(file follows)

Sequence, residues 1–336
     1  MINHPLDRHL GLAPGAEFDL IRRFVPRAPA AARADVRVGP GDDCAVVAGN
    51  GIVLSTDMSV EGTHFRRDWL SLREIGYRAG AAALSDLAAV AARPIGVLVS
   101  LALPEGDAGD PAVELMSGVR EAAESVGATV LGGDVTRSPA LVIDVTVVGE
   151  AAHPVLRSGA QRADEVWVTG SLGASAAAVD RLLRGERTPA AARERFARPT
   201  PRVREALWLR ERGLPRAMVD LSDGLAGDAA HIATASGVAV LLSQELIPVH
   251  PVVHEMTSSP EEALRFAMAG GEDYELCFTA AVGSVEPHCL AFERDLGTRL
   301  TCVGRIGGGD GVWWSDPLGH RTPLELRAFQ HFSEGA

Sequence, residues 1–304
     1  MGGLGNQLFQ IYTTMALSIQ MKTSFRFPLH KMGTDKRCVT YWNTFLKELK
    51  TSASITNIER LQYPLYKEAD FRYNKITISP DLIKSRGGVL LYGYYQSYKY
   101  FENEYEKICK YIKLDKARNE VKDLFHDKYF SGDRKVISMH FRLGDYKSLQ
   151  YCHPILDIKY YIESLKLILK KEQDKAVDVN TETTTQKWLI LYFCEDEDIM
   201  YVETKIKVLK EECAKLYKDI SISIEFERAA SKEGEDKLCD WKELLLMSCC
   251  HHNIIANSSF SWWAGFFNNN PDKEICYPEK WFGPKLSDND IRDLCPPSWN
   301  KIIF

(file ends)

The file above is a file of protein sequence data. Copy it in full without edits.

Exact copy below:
Sequence, residues 1–336
     1  MINHPLDRHL GLAPGAEFDL IRRFVPRAPA AARADVRVGP GDDCAVVAGN
    51  GIVLSTDMSV EGTHFRRDWL SLREIGYRAG AAALSDLAAV AARPIGVLVS
   101  LALPEGDAGD PAVELMSGVR EAAESVGATV LGGDVTRSPA LVIDVTVVGE
   151  AAHPVLRSGA QRADEVWVTG SLGASAAAVD RLLRGERTPA AARERFARPT
   201  PRVREALWLR ERGLPRAMVD LSDGLAGDAA HIATASGVAV LLSQELIPVH
   251  PVVHEMTSSP EEALRFAMAG GEDYELCFTA AVGSVEPHCL AFERDLGTRL
   301  TCVGRIGGGD GVWWSDPLGH RTPLELRAFQ HFSEGA

Sequence, residues 1–304
     1  MGGLGNQLFQ IYTTMALSIQ MKTSFRFPLH KMGTDKRCVT YWNTFLKELK
    51  TSASITNIER LQYPLYKEAD FRYNKITISP DLIKSRGGVL LYGYYQSYKY
   101  FENEYEKICK YIKLDKARNE VKDLFHDKYF SGDRKVISMH FRLGDYKSLQ
   151  YCHPILDIKY YIESLKLILK KEQDKAVDVN TETTTQKWLI LYFCEDEDIM
   201  YVETKIKVLK EECAKLYKDI SISIEFERAA SKEGEDKLCD WKELLLMSCC
   251  HHNIIANSSF SWWAGFFNNN PDKEICYPEK WFGPKLSDND IRDLCPPSWN
   301  KIIF